The team initiates exhibitions, workshops and pedagogic programmes with museum coffers / documentary boxes like the exhibition that took place from January-February 2019 in the Déak17galeria / Youth Gallery, Budapest, Hungary (www.deak17galeria.hu/en/exhibitions/museum-in-a-coffer—telling-histories-of-child-art ).
Children’s and youth drawings as historical documents
Part of IRAND’s work in promoting the preservation of children’s and youth drawings is in producing research. Their records can be used by PhD and master’s students to answer important historical questions. The network, therefore, acts as an archive for historical documents which can be used to support academic enquiries.
This can be from an art perspective, charting the history of children’s artwork, its materiality, including what influences the creation of its motifs and how the drawings themselves influence the progression of art. It can also be used to study different nations, in particular their approach to education. For instance, how does a child in 1930s Germany draw its environment compared to a Swedish teenager during the 1960s? Analysing these images can teach us a lot about different teaching methods and educational standards.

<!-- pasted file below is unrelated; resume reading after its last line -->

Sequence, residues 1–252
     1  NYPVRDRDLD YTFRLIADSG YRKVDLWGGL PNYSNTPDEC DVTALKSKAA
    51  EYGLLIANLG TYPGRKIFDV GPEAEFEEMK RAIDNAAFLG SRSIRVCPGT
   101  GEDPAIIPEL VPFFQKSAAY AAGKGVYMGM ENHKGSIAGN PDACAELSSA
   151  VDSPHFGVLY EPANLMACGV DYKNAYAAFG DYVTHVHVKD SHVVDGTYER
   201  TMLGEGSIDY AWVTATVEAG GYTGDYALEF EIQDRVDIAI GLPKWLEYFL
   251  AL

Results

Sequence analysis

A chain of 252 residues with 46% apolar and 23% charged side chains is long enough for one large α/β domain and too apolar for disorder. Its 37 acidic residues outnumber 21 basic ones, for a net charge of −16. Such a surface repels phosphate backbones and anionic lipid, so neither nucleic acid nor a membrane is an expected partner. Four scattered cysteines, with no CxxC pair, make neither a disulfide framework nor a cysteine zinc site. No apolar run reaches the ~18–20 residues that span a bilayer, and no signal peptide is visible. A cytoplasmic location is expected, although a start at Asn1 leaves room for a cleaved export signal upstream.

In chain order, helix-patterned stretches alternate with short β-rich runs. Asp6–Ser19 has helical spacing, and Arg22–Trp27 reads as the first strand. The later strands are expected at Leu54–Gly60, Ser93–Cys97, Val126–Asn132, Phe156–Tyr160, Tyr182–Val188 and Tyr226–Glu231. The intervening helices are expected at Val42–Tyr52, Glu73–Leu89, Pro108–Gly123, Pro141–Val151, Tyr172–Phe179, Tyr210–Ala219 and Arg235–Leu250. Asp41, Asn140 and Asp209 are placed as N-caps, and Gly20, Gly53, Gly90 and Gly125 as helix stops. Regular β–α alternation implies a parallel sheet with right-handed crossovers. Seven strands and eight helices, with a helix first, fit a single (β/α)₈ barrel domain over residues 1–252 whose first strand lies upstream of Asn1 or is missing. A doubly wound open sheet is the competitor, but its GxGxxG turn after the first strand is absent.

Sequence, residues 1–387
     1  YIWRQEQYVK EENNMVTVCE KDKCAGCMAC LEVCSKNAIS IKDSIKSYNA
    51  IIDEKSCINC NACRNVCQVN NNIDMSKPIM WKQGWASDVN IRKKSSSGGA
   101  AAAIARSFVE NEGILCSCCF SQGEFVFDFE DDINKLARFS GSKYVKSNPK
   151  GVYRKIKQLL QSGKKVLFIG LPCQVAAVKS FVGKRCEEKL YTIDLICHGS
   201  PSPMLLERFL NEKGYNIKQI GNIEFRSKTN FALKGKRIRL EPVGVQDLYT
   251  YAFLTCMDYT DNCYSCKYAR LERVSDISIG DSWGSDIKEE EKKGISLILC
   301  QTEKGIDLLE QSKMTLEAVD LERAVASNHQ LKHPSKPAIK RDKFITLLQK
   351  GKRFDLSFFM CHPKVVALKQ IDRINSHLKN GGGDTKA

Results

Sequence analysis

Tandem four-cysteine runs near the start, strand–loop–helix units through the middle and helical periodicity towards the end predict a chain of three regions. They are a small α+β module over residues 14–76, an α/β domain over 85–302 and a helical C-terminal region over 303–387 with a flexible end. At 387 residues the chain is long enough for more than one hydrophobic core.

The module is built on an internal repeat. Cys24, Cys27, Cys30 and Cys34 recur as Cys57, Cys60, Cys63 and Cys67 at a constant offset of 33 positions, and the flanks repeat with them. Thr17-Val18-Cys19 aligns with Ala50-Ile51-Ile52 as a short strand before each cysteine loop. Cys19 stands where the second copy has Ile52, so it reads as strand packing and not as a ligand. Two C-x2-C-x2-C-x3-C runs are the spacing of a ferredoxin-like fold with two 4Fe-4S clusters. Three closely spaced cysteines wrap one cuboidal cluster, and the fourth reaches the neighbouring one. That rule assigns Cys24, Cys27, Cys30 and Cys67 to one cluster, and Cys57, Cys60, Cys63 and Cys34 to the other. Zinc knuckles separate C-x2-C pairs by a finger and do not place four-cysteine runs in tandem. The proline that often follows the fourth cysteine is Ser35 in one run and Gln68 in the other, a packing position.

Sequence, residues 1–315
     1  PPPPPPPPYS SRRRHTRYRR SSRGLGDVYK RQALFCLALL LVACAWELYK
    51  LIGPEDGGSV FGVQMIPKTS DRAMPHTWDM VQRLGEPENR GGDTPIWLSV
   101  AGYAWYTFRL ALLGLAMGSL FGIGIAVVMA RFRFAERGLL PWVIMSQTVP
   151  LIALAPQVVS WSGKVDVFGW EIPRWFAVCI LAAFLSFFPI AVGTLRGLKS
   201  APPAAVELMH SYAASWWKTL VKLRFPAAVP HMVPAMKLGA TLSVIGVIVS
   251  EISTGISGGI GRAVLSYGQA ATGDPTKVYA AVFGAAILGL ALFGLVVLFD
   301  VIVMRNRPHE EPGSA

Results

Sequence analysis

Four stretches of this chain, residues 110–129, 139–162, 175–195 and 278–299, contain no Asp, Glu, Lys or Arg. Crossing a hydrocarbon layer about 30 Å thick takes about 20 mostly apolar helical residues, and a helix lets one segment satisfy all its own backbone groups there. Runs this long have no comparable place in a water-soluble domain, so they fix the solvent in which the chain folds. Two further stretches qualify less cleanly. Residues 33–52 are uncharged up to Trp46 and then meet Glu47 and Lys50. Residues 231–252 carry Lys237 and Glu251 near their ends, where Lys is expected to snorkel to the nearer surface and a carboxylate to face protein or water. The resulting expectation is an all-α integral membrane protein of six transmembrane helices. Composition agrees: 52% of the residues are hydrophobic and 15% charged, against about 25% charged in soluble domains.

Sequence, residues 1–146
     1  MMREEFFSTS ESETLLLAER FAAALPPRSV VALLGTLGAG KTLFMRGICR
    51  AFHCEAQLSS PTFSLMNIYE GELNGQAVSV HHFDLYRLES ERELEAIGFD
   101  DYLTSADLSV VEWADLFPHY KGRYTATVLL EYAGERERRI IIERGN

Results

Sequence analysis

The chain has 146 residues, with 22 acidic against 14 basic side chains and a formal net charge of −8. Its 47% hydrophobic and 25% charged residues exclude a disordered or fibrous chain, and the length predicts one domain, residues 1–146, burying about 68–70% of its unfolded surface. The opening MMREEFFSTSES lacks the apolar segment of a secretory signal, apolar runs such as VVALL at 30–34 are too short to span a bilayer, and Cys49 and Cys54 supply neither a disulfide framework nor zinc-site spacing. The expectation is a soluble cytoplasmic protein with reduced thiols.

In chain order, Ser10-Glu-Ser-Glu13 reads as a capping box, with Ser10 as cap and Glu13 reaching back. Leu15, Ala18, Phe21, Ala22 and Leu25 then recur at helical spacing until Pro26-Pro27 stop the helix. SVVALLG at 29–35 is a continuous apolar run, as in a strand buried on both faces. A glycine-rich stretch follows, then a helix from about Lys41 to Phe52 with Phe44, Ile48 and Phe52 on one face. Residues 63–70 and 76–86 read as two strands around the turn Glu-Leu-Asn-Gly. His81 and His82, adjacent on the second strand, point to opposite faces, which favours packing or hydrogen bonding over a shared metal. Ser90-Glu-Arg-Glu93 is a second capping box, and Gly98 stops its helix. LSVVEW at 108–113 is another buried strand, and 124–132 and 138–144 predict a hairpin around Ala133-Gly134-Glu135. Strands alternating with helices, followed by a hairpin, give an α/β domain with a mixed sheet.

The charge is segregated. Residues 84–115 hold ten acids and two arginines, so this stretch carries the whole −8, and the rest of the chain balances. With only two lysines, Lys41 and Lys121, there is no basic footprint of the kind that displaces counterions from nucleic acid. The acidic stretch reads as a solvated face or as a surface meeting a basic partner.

The digitised children’s drawings may also be used as historical documents for a researcher writing a biography. This could be a biography of the child themself, or a teacher or parent. By looking through drawings at the time and putting them into their historical context, a researcher can more accurately analyse a person’s childhood. They can combine the research with photos and historical paintings, reconstructing situations of these childhoods.
Finally, these drawings, when viewed as historical documents and endangered collections, make for interesting museum exhibits. They add colour and interest to a wider range of visitors, inspiring different target groups and dialogues between the generations. Researchers in museology and education can use the drawings to increase their range of material for students. IRAND encourages researchers to start viewing youth drawings as historical documents to progress science and assist PhD and master’s students.
Children’s and youth drawings of the 20th century offer a unique and fascinating insight in war, genocide, and peace times. These endangered collections should be considered historical documents, worthy of preservation and academic study across a range of research fields. Prof Dr Ströter-Bender and IRAND are using digitisation to ensure the permanent place of children’s drawings as historical record. They are also planning an international joint application for the inclusion into the UNESCO Memory of the World Register in order to protect endangered collections for future generations.
What insights can children’s and youth drawings offer that a researcher cannot get from other historical documents?